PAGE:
Through an online survey I sent out to FIAT 500 oldtimer clubs in Italy, Germany, Switzerland, the United Kingdom, and the Netherlands, I tried to look at the FIAT 500 through “historical eyes” first. The members’ focus naturally is on the first generation 500, and from that perspective, they look at the current 500 situation.

When asking them what is so special about the FIAT 500 — which characteristics make it unique — most owners say that it makes people smile and that it’s tiny and cute. These answers are rather emotional. Affordability only comes third; design and heritage are hardly mentioned. Remarkably, the car’s engineering is now praised for being uncomplicated instead of advanced, as it was back in the day.
When asking for the oldtimer owners’ opinion about the current version of the Cinquecento, the majority thinks it has the same spirit — or even DNA.

The cute little car that offers freedom and independence

For a little more distance to the FIAT 500, I conducted a small workshop with a group of students who don’t own a FIAT 500 (or any car) at all. Being of a younger generation than the typical oldtimer enthusiast, this group tends to think of the current 500 model(s) first. When asking them a similar question — What is so special about the FIAT 500? — the answers show a different picture. “Freedom and independence” are in the lead, followed by “tiny and cute.” Remarkable is the weight that’s given to nostalgia, meaning affection for a period in the past, especially when realizing that that period was before the respondents were born. Apparently, FIAT achieved appreciation for historical meaning by people without a direct connection to its early days.

A similar image appears when asking them for their view on the original 500. Only “nostalgia” gets a lower rating — probably because that model doesn’t come with a wink to a predecessor, nor has that car had a place in the students’ personal lives. The classic 500 seems to strengthen the feeling of “la dolce vita,” the Italian way of enjoying life. FIAT is aware of this and uses this in a campaign for the new 500.

Owners of the original 500 and people for whom the current 500 comes to mind first agree that it’s a tiny and cute car. To a lesser extent, they consider it an uncomplicated product. There is also another major difference: For oldtimer fans, it’s all about putting a smile on people’s faces. For them, the car delivers joy to everyone — not just the driver. This is also how most of them look at the new FIAT 500. The younger generation, however, talks about that car in terms of freedom and independence. It stands for happiness on a more individual level. They project this interpretation onto the classic 500, too. Young adults see the original 500 as the old version of the current one, which underlines an individual lifestyle with a nostalgic touch. Oldtimer owners see the current 500 as the new version of the original one, which humbly invites everyone to share the fun. Although the inputs were given in a contemporary setting, I think it’s interesting to spot some of the good old “humble car for everyone” versus “your no-frills lifestyle brand” discussions of today again.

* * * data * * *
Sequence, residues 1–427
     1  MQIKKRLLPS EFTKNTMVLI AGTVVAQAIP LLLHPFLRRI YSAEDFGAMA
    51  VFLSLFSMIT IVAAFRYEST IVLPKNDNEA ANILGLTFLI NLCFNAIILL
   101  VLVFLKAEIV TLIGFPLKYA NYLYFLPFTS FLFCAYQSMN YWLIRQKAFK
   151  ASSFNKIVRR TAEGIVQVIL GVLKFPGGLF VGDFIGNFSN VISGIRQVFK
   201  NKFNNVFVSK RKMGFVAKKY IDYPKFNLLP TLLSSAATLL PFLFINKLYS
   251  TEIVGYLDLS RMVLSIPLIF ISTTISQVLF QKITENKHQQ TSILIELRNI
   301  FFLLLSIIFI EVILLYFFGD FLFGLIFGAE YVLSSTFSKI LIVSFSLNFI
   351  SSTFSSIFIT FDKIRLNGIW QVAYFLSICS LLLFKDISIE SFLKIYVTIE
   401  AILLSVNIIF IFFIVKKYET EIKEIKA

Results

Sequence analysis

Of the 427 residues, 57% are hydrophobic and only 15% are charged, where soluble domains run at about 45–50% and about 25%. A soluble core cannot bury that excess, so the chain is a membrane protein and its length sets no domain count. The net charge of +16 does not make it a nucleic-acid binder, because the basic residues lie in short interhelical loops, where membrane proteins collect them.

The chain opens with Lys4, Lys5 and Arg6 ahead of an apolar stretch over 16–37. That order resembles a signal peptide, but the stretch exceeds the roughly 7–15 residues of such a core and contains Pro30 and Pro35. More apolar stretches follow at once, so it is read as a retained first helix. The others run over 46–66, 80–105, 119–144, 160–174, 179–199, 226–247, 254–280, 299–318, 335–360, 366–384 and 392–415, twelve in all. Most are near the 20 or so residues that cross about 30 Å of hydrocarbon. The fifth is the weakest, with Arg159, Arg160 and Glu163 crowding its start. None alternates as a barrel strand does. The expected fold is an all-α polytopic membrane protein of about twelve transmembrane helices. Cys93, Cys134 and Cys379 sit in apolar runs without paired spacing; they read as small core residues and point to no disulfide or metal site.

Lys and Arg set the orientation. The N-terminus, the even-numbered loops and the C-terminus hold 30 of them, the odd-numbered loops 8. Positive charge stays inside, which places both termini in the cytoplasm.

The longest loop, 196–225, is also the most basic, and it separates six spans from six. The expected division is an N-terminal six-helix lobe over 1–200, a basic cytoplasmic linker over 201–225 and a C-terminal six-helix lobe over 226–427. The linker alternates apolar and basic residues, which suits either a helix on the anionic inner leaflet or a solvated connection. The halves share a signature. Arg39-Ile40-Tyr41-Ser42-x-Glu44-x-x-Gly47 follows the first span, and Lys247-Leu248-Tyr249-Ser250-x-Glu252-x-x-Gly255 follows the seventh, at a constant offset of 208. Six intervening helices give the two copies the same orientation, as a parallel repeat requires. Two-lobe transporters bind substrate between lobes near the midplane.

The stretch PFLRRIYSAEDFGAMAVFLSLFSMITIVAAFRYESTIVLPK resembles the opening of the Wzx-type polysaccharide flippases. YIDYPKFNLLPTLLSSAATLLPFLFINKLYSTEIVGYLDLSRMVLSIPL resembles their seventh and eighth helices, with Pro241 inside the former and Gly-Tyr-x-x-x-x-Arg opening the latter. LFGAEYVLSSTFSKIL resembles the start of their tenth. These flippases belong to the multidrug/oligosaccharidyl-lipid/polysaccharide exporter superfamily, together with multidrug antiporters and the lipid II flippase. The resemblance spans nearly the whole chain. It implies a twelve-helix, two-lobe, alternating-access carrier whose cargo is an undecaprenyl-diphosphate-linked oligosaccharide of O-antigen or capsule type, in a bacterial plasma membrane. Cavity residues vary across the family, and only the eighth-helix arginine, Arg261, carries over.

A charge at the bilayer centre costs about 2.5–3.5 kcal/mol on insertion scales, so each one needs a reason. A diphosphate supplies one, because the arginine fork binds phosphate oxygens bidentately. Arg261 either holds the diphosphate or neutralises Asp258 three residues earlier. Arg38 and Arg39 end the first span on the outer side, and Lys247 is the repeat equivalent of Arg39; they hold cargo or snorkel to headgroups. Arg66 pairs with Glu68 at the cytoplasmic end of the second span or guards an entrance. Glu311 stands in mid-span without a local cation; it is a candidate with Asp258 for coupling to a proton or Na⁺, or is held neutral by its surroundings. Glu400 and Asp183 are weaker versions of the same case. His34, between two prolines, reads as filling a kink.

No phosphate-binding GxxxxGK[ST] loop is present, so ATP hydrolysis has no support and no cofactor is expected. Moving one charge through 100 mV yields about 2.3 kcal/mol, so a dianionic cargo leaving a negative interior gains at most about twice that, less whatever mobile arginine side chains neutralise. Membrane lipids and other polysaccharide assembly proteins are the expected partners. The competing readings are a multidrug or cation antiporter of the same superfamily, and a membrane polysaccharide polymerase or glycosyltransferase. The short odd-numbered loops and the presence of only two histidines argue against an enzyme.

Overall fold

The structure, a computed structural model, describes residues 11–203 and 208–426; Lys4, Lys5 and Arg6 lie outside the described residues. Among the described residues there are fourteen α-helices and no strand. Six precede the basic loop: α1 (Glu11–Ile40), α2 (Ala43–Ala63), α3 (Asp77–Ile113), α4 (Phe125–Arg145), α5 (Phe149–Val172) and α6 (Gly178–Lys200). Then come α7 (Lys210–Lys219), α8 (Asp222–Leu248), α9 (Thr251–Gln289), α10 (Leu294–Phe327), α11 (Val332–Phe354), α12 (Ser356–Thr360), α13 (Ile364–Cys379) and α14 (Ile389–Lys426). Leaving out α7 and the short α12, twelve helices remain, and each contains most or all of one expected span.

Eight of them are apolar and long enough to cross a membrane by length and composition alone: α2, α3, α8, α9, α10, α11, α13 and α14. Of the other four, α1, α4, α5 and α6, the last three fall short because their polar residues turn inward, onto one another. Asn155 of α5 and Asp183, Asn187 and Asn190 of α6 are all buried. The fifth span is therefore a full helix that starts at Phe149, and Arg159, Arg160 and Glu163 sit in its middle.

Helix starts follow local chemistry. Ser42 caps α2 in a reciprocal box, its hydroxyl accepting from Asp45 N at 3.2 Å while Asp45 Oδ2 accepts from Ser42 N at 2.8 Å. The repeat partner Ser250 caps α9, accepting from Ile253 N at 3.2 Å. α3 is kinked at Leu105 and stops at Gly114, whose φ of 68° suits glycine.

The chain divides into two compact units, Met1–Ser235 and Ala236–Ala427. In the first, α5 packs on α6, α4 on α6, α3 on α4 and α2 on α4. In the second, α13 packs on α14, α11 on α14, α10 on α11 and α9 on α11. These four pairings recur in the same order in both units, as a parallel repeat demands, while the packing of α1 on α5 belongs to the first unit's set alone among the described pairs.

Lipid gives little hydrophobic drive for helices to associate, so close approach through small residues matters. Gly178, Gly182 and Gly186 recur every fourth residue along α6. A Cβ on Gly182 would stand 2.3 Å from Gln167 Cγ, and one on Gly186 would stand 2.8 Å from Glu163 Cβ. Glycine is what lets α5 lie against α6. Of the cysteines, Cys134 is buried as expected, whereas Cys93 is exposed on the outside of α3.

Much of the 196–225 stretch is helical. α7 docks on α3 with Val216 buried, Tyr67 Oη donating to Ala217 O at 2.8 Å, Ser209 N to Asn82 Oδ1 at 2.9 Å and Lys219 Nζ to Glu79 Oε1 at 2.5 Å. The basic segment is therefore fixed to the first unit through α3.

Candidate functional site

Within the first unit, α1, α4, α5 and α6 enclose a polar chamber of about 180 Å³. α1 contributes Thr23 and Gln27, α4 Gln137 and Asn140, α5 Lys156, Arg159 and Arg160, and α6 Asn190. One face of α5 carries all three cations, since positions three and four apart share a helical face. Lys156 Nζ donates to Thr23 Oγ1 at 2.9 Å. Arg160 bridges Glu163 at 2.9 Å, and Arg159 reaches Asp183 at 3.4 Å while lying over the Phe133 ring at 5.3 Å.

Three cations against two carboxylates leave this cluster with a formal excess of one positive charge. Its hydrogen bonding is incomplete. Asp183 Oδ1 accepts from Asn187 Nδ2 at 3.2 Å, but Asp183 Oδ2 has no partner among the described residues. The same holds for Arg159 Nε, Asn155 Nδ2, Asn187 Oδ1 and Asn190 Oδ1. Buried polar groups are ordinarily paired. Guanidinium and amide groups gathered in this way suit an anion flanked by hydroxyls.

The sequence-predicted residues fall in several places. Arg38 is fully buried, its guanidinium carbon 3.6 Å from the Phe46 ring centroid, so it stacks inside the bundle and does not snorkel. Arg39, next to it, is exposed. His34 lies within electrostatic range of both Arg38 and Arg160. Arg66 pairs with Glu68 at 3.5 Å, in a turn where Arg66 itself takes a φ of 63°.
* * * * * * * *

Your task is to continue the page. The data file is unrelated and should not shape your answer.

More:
Young adults see the original 500 as the old version of the current one, which underlines an individual lifestyle with a nostalgic touch. Oldtimer owners see the current 500 as the new version of the original one, which humbly invites everyone to share the fun.

A passionate community

Committed drivers keep the story alive

The ultimate tribute to a brand is a community of people who are emotionally connected to it. Sharing similar values and beliefs creates a sense of belonging, which can make people loyal to a brand and band together. The most desirable form of such a brand community is one that has grown organically instead of being launched and curated by a company. As for FIAT 500, there is no centralized documentation, so it’s difficult to say how many FIAT 500 clubs are out there. For sure, it’s a considerable number, particularly in Europe. Hundreds of national and local clubs keep the 500 story alive (from the market side) alongside the new FIAT 500 products (from the company side).
According to my survey, almost a fifth of first-generation FIAT 500 owners possess a second- or third-generation 500. That’s quite a high number, but this group of fans certainly helps get others into a Cinquecento, too. Nowadays, many people want a car that’s a means of self-expression and a reliable vehicle for everyday use — this car is both: The community promotes the former; FIAT takes care of the latter.

Keeping the 500 story alive

FIAT initiatives strengthen the connection

Mother brand FIAT does more than just manufacture a contemporary version of its legendary 500: It also keeps the car’s story alive by bringing people together. Today, the old and new 500 models are connected by presenting them to the world as one brand. FIAT gives exposure to brand community events, has a heritage website, and recently opened a dedicated exhibition space in Turin (with physical and digital access) named Casa 500.